I really love going on canoe trips in Northern Ontario. It’s something I’ve done as an adult, and something I’ve done a bit when I was a kid. You go like, five days, and just paddle into the lakes and carry your canoe between the lakes, which is called portaging. It’s basically camping but it’s a pretty hardcore version of camping. It’s one of the best resets you can get. You’re basically away from cell reception for five days. Getting to film the show for three months in exactly the area where I would go on canoe trips, it’s a pretty good way to spend a summer shooting a TV show. So I could relate to what it’s like to live in that town. Honestly, when we were filming on the lake, it’s one of the most beautiful locations I’ve ever filmed at.

So, the beard. Was that a first-time? Or do you normally rock wilderness beards in public?

I actually used to grow a beard in between seasons of Orphan Black for the winter.

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Right, to hibernate.

Yeah, exactly. In the off-season when I was hibernating it would keep me warm…. [Laughs]. It’s funny because, we finished Orphan Black a year last March and I’d just moved to Los Angeles and I was officially unemployed, which is always a wonderful and scary time. And there was another wonderful show in Canada I was on called Murdoch Mysteries, which was like an old-timey cop show and I was very clean-shaven for that too. And so, I’d been killed off of that show as well so that was the end of six seasons on that show and five seasons on Orphan. So, I moved to LA and was like, ‘Wow I’m very unemployed now. I’m just going to grow an unemployment beard and enjoy not having to be clean-shaven for awhile.’ And literally, that was the state I was in when I auditioned for Carter a few months later. I was looking pretty shaggy.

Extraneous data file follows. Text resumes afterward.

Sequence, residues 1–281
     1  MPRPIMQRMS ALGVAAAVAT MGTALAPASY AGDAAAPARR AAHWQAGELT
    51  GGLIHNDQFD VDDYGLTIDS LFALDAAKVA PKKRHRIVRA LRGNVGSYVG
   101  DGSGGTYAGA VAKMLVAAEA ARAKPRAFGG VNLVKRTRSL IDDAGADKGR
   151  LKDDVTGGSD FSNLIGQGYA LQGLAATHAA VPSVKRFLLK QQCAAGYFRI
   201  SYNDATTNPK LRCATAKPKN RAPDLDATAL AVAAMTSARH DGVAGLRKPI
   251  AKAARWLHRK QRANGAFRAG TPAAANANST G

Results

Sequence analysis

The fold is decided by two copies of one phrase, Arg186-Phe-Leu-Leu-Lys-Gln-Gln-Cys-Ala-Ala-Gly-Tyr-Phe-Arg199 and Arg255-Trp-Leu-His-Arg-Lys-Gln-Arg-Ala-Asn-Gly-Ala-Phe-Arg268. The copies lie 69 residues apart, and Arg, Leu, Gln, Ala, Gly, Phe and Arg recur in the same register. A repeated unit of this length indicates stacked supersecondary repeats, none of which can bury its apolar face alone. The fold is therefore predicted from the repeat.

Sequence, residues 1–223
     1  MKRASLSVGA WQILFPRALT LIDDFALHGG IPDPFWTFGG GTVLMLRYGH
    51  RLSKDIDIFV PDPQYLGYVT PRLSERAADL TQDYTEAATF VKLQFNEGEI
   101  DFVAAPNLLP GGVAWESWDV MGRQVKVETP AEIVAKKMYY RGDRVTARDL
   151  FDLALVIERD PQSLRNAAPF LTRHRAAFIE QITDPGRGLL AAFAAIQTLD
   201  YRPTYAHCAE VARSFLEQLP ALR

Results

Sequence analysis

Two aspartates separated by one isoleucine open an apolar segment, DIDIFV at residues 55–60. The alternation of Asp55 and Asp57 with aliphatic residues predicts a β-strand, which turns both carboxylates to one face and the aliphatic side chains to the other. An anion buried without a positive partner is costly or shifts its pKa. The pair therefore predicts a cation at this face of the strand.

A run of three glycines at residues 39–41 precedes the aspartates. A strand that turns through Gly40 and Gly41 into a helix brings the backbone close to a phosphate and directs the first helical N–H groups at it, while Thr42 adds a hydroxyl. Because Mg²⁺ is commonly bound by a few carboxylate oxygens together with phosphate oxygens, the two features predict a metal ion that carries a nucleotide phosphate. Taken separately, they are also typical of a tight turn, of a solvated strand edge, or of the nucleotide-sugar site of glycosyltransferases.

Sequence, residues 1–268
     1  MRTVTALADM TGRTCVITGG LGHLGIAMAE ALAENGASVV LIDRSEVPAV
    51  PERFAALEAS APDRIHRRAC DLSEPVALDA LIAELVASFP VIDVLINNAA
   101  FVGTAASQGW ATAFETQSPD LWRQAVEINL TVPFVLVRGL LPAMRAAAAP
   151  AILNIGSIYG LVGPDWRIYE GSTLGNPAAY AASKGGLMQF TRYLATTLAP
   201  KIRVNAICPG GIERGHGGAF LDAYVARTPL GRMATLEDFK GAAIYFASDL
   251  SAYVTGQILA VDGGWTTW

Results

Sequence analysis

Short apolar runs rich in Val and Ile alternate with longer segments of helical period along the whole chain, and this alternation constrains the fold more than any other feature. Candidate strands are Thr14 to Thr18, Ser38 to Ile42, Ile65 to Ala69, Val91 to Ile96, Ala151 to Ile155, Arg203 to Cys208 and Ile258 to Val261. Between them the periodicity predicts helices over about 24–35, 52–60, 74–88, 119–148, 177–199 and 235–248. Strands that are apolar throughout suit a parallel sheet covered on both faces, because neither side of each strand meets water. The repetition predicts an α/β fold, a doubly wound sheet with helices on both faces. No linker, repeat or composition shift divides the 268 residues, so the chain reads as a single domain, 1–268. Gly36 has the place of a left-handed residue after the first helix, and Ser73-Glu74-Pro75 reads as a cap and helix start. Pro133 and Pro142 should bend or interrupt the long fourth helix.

I saw it was calling for an ex-football playing drug addict kind of character and I started thinking, ‘Oh my god, I’m never going to get this.’ So I just went for it, and lo and behold I ended up getting it! It was a real surprise. But I really like the beard. It helps me get locked in the character. It’s a mask, in a sense.

How does Dave compare to your other former non-law abiding character, Donnie Hendrix from Orphan Black?

They both like to get into trouble! It’s funny, Donnie was such a suburban guy. He was such a dad. I often joked that they stole my stepfather’s clothes to bring them to set for me to wear. These are two characters I don’t normally dress like in real life. I like the idea of being able to explore these characters through what they wear, how they act. They’re both comedically-inclined characters for me to play, but they lead such different lives that sometimes it’s hard to see the similarities besides me being the person playing them. That’s what I like about this job, is I get to change up the characters that I play.

Dave’s got a little bit more of a temper compared to Donnie. In that relationship, I think it was Alison [Tatiana Maslany] who was the one who ran hot. But I think he’s very likeable. His intentions are good. He’s not a scary, biker dude. He’s a loveable guy who has a big heart and doesn’t quite know how to express himself. I think that’s actually something they have in common.

Carter, Tuesdays, 10/9c, WGN America.